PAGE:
Your Dream for Me was such a sweet book, delivering on the promise of a lighthearted read that I had going into it. The characters grew on me with each passing chapter, and I appreciated the healthy relationship Scarlett had with her parents. They were so supportive of her and her dreams, while also setting important boundaries. Of course, Scarlett occasionally tried to bend their rules but she also had to bear the consequences. That for me was a refreshing aspect given that Your Dream for Me is a YA contemporary book.
The moment I saw the synopsis of The Couple, I knew in my bones that Helly Acton wrote this book for me. See, I love books that turn our social norms upside down and examine how life could be instead. Also, I basically spent my twenties single, which drew a lot of pity from friends. They made unsolicited comments, “Are you sure you don’t want to get married?” or “I’m happy to introduce you to someone!”
When I first started out reading Burn, I was intrigued. Historical fiction isn’t all too common in young adult publishing compared to contemporary fiction, fantasy and science fiction. History and fantasy crossing paths? Even less so. But Patrick Ness has an excellent track record of meshing various genres and even defying them, so I expected this one to be a hit as well. It wasn’t but I was still glad that he brought his signature postmodern outlook with a touch of whimsy.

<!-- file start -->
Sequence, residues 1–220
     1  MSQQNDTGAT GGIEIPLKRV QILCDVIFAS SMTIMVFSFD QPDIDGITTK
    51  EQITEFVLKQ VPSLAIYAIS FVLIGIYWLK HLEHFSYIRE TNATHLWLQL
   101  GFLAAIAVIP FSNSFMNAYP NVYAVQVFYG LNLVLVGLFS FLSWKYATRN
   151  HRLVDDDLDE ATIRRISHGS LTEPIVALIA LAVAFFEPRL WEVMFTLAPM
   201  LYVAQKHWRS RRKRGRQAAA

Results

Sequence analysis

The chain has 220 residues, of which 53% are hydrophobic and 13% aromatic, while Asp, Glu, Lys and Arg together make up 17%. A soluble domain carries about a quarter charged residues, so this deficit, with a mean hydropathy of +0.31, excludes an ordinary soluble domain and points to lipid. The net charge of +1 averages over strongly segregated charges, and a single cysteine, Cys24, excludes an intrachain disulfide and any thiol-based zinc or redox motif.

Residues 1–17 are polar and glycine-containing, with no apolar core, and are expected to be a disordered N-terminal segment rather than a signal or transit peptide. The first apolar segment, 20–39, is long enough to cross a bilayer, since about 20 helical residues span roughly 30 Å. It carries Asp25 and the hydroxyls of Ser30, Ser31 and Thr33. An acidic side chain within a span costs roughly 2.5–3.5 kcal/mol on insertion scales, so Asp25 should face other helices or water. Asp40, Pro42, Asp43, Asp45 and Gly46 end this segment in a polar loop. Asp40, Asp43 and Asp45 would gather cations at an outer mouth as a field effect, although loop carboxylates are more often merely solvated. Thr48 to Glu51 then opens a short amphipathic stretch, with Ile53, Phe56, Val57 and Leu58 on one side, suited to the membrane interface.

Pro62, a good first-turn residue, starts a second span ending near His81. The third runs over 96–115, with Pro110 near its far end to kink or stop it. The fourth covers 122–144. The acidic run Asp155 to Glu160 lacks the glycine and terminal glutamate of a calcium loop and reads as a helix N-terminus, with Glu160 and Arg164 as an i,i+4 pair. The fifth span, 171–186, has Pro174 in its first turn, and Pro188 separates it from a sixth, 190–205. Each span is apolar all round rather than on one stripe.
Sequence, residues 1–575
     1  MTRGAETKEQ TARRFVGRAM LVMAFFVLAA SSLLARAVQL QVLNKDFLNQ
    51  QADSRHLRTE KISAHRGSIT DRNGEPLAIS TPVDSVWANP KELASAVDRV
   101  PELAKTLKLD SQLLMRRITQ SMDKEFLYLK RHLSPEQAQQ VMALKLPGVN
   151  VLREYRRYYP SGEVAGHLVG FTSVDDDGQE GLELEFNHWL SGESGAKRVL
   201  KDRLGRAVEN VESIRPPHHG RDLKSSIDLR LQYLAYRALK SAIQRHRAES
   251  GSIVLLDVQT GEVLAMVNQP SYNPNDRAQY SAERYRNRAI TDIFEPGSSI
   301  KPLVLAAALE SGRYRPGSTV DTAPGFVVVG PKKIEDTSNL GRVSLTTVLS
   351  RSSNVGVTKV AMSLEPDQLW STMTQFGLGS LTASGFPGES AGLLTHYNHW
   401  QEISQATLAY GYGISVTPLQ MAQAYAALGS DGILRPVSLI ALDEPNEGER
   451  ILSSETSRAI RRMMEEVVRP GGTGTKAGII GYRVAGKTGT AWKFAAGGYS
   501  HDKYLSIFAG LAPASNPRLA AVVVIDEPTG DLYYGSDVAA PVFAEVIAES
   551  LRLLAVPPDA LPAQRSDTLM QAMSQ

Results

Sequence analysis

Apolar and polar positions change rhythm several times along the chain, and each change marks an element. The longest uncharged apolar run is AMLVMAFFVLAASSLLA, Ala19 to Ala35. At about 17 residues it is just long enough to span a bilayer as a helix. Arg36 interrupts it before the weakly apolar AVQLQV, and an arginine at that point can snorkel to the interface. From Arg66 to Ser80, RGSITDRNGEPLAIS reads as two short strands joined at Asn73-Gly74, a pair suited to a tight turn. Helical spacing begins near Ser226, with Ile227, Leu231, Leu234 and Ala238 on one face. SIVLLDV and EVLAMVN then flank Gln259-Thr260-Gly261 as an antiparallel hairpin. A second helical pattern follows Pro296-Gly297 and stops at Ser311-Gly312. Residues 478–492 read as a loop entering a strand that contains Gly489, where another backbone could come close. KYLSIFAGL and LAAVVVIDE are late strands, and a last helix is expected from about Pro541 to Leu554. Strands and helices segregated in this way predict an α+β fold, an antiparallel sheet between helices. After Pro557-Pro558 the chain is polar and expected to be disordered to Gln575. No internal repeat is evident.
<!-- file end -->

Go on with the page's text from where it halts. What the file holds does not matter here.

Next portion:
I’m not particularly fond of books in which the entire plot revolves around travelling from point A to point B. Yet, I tend to be drawn to road trip novels. I suppose this stems in part from the fact that I suffer from motion sickness. Actual road trips therefore aren’t exactly enjoyable. And so, reading is a way for me to experience these vicariously. On that front, Mariam Sharma Hits the Road absolutely delivered. I felt right at home with this trio.
Seven Ways We Lie was very ambitious. With seven main characters a lot could go wrong: unresolved plot lines, not enough depth, loss of focus and characters that might be too similar. I’m glad to say that Seven Ways We Lie didn’t suffer from any of these shortcomings. In fact, the choice to integrate so many characters’ perspectives worked!